Some Windows Powershell commands must be run from Powershell running in an administrative context. It’s a little bit of a pain when you need to invoke Powershell this way (right click it in the menu). The real problem is once there’s a terminal up, do you limit this to just the command that requires it or do you just work out of the open (administrative) terminal window? Choosing to remain in that admin context could lead to trouble.
Unix has a nice way of handling this. The command prompt starts with your user priviledges. It can be escalated for a single command with “sudo” - substitute user do. Wouldn’t it be cool (and more secure) if a similar command existed for Powershell on Windows?
Luke Sampson has a set of powershell scripts that appropximate Linux commands on Github. These include sudo and are meant to be installed using scoop.
Scoop is an installer, like winget or choco, but it’s aimed more at simple installs. Scoop doesn’t require a developer to make a special installer - it can use a ZIP and instructions in a JSON. These JSON files are stored in buckets - basically these are curated compilations of JSON files stored in a Git.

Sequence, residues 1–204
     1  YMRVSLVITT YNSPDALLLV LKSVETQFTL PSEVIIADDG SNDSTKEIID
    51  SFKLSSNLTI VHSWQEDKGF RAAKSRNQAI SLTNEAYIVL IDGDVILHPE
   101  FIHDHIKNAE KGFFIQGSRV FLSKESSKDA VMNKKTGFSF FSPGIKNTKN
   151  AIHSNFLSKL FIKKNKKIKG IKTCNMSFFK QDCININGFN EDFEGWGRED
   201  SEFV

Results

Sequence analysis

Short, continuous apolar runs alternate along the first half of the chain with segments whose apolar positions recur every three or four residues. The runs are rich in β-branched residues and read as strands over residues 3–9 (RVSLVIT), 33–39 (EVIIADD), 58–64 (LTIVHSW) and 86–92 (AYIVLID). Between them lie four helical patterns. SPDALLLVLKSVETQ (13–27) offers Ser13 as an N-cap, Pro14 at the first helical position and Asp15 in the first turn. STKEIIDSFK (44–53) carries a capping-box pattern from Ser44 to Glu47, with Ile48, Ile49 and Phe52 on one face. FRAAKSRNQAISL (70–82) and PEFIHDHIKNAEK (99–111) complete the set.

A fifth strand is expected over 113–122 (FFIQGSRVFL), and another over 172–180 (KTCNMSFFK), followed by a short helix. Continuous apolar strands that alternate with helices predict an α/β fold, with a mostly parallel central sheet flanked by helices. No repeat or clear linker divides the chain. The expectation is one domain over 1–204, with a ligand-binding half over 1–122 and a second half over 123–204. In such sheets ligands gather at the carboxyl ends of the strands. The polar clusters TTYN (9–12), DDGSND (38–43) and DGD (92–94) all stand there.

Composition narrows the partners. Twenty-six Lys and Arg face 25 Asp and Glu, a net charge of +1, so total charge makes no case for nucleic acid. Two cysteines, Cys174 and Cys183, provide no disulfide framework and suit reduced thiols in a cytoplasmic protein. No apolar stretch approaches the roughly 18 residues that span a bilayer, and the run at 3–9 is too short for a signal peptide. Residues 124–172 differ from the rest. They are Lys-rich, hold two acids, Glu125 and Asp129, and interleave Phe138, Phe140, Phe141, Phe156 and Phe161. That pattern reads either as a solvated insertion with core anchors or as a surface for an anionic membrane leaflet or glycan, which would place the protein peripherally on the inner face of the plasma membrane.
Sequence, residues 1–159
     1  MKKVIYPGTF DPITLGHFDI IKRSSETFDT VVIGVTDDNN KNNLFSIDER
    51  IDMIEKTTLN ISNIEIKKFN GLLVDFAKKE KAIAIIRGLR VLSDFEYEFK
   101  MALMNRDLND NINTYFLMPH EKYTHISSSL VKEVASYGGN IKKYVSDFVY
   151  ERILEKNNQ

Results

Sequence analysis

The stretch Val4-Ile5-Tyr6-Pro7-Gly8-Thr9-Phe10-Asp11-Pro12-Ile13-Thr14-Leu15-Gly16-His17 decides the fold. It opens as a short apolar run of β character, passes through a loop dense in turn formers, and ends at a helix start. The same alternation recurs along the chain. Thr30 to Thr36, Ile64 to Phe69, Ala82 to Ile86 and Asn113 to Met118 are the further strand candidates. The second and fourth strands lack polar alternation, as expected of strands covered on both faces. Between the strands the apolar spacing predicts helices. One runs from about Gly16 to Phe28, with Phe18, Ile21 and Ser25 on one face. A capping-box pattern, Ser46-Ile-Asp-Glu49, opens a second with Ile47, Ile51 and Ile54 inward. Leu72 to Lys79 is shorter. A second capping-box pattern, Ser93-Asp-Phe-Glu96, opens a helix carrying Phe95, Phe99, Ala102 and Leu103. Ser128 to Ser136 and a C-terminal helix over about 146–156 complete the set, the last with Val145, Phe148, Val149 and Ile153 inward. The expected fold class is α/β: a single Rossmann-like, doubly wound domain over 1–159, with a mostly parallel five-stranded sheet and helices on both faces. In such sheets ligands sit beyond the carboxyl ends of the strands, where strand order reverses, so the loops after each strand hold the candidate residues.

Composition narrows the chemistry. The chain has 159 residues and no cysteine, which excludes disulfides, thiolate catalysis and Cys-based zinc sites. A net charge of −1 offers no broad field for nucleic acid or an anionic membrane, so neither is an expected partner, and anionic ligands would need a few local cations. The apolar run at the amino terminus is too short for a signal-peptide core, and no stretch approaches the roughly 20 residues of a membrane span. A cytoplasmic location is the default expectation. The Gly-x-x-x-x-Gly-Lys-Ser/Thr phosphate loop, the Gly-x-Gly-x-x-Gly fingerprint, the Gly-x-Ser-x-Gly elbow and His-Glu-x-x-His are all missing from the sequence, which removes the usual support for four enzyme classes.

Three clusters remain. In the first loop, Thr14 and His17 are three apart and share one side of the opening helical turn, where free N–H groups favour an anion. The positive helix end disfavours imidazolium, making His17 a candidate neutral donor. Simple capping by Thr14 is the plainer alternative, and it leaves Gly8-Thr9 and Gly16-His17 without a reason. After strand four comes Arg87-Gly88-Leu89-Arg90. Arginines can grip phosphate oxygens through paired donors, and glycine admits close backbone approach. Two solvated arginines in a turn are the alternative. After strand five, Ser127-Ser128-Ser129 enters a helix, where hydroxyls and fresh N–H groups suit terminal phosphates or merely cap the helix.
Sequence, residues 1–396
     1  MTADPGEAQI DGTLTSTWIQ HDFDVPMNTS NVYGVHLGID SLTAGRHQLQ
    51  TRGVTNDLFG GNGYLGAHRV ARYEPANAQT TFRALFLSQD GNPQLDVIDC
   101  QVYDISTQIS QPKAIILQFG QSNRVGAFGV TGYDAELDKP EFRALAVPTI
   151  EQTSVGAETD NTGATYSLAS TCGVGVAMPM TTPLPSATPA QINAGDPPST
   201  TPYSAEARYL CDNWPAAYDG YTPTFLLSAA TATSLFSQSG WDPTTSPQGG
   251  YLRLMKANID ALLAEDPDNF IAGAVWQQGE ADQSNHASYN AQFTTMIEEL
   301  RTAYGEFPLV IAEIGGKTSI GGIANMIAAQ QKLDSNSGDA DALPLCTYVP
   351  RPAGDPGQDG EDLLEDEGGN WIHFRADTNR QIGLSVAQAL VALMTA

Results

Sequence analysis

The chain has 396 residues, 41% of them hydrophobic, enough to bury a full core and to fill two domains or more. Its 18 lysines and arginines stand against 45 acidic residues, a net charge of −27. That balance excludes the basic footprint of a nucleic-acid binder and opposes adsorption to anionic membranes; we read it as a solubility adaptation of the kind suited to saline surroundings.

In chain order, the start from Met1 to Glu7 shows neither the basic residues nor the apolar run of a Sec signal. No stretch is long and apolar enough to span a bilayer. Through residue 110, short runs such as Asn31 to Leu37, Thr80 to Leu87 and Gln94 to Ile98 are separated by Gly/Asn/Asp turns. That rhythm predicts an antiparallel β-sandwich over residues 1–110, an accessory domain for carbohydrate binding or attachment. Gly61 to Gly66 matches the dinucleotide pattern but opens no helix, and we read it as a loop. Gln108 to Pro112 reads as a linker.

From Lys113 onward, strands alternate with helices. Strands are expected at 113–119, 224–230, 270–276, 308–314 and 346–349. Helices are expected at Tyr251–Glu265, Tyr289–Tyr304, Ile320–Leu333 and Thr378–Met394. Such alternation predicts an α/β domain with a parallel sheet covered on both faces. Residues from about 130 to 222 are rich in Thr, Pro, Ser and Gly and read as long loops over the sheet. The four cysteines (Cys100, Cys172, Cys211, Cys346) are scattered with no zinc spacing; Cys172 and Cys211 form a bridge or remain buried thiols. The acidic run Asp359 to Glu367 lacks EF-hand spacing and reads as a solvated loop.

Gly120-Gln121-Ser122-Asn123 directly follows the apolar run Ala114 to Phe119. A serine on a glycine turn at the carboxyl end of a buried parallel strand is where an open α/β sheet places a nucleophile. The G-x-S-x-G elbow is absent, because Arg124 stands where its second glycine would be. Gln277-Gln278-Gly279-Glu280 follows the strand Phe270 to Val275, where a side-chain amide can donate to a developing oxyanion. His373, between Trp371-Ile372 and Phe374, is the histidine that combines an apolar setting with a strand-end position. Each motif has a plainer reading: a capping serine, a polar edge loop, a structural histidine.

Scoop specializes in simple programs, like command-line tools such as sudo. In fact, many linux-like tools can be easily installed by scoop such as sudo, git, and curl. Scoop puts everything in your users directory, so it doesn’t cause a lot of UAC pop-ups.
Scoop and sudo can be installed as shown below.
# allow powershell scripts Set-ExecutionPolicy unrestricted # install scoop iwr -useb get.scoop.sh |iex # install sudo scoop install sudo
You can use scoop search to see if a program is available through scoop. Check out the github site to see other buckets that are available as well.
Once installed, you can escalate priviledges on a command-by-command basis by prefixing them with “sudo”, just like you would on Linux.